I work a part time job at a grocery store as a cashier and the day before Thanksgiving the same smile I wore to my mother’s, I practiced on customers. A frequently asked question was “What are you doing for Thanksgiving?” after I’ve asked the same. “Oh, having dinner with my mother at her assisted living,” pushing down my inner desire to say more, to weep, to run away. This is not the time to outwardly grieve. And I also wonder, as people make their brief appearance on my stage, how many of them are experiencing loss too? How many of them will put on a show for family and friends unsure or afraid to express their grief?
The losses others experience this time of year, besides coping with a long term, chronic disease or health decline, that I find are less frequently addressed can include:
- broken relationships due to divorce or other breakups
- not talking about family secrets and pretending everything is “okay” when the family is together
- having a family member who has mental health issues and having that person absent from a gathering or fear of having the person show up and “upset” the gathering
- any addiction issues
- childhood issues of abuse that resurface when families gather and the abuser is present or talk of the abuser comes up
- separation due to religious, theological, political, cultural or philosophical differences
- a loved one who is trans or has “come out” and some family members not at a point of acceptance, so they are shunned from gatherings or not accepted for who they are
And this is just a partial list. As I frequently say, "I don’t define your loss, you do." If you are experiencing a loss that is not related to a death or something on this list that doesn’t mean it isn’t legitimate! It is yours and it is real.
These all come with a need to grieve. Perhaps you grew up with a set of traditions and rituals that were strictly adhered to and then one person no longer feels comfortable following those traditions. You may feel a sense of longing for a “return to the old ways” that offered a sense of stability. Or there is the proverbial elephant in the room that no one talks about and when one person finally gives it voice, it may feel like someone sang the high-pitch C and shattered the glass of complicity.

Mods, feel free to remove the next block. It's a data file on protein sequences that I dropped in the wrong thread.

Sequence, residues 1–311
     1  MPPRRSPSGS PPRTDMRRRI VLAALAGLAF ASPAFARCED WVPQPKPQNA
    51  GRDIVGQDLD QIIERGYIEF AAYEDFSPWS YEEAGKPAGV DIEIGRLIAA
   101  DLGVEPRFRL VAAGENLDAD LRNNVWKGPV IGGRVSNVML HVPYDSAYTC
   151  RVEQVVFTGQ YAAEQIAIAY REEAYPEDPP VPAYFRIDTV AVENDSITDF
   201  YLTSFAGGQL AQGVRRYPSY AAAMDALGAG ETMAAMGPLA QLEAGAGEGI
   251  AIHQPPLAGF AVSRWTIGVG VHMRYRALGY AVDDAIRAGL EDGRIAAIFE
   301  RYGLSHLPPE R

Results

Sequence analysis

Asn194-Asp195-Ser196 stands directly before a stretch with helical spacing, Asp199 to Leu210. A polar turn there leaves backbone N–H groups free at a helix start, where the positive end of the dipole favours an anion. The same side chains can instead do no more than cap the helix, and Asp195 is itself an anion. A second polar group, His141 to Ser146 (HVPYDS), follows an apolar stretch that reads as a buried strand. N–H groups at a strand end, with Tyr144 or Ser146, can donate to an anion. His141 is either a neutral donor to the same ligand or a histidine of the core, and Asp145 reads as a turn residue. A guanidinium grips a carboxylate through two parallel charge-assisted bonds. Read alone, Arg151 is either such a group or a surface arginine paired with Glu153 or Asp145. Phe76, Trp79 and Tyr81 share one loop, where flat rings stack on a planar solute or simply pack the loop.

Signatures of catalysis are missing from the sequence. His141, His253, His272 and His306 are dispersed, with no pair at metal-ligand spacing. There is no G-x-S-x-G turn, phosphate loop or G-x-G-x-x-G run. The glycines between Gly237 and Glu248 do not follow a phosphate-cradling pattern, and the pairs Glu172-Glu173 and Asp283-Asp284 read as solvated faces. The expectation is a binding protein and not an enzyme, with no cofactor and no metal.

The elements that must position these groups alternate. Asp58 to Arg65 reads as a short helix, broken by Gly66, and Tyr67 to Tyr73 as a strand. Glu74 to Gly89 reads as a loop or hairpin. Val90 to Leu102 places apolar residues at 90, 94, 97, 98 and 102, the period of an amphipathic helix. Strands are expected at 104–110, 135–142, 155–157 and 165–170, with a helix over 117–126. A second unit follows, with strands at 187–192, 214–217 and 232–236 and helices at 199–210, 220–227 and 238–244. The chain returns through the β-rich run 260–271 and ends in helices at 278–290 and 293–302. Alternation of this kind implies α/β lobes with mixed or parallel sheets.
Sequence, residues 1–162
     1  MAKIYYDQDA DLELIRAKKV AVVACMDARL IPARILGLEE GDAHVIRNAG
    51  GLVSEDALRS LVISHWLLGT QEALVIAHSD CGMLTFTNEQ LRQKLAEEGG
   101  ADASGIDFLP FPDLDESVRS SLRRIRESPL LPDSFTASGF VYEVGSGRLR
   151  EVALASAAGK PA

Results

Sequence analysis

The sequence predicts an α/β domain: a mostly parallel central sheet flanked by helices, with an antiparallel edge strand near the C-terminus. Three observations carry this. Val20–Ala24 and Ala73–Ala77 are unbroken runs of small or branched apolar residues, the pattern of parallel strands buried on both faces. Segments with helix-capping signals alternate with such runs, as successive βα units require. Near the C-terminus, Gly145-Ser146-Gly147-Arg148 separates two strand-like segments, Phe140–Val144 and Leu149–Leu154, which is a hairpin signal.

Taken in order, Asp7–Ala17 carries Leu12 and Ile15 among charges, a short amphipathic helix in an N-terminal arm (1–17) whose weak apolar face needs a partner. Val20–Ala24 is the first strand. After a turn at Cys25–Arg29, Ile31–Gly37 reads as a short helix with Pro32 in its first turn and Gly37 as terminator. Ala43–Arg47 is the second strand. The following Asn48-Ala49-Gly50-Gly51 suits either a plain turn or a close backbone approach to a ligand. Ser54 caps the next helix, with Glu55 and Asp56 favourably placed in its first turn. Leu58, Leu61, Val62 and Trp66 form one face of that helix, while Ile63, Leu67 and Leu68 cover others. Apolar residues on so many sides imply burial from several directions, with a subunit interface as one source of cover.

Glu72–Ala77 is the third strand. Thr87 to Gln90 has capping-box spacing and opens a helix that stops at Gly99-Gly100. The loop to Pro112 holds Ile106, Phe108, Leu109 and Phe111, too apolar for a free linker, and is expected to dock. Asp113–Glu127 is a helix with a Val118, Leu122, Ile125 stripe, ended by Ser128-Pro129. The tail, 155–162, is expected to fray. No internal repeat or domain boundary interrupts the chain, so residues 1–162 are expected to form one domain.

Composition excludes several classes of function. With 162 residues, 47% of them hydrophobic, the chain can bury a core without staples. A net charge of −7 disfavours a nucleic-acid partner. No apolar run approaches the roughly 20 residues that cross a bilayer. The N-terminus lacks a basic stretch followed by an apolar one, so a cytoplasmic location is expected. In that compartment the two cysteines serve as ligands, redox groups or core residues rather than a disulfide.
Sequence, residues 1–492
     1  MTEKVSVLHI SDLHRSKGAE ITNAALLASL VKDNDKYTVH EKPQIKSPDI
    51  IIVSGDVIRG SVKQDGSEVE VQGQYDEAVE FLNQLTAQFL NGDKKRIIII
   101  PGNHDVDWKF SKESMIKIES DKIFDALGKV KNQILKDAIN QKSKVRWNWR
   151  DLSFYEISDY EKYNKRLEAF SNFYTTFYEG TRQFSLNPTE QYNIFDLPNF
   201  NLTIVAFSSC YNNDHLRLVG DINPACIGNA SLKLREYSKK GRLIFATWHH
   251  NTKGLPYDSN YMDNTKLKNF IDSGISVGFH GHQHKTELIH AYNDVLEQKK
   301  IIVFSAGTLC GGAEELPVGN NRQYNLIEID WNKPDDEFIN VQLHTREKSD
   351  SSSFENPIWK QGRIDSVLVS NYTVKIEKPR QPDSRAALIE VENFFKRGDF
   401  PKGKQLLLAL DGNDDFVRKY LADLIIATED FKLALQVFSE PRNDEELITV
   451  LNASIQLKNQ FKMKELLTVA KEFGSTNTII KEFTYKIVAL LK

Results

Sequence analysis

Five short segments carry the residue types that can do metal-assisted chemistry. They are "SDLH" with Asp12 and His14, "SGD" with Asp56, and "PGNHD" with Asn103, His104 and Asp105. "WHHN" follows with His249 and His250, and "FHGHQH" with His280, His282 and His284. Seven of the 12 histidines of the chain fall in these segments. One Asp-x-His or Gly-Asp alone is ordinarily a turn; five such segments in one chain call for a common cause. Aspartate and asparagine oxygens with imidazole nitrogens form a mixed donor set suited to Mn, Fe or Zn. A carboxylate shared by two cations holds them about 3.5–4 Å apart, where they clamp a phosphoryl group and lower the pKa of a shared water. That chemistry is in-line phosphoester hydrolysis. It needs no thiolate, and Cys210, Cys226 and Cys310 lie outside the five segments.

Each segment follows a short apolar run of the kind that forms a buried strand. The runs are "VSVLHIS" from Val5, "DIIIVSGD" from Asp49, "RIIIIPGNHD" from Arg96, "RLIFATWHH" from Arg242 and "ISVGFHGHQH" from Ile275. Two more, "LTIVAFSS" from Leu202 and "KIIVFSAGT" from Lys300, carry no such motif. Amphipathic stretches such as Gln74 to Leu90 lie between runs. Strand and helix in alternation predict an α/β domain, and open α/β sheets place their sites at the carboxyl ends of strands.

What do you do when you finally realize that “off” feeling you have as the holiday season rolls around may have to do with an unrecognized or unacknowledged loss?
- First acknowledging any loss you are feeling deserves a “bravo.” Just naming your grief is important.
- Don’t let others minimize your feelings. For example: If you say “I feel sad this time of year because my cousin comes to the holiday parties and is always drunk. I remember when we were close. I really miss her.” Another family member tries to say, “You were never that close. I don’t know what you are talking about.” It is okay to step away from that person and realize they may have a different reality or may not have come to an awareness of their own grief about that person’s drinking.
- Take time to list what you remember about traditions that are important to you. Tune into your five senses. Tune into your body. What part of the list brings a sense of warmth and a smile? What leaves you feeling uneasy or sad? Can you form a renewed or adapted ritual around the warmth and discard what leaves you uneasy? What would that look like? Who would you like to join you?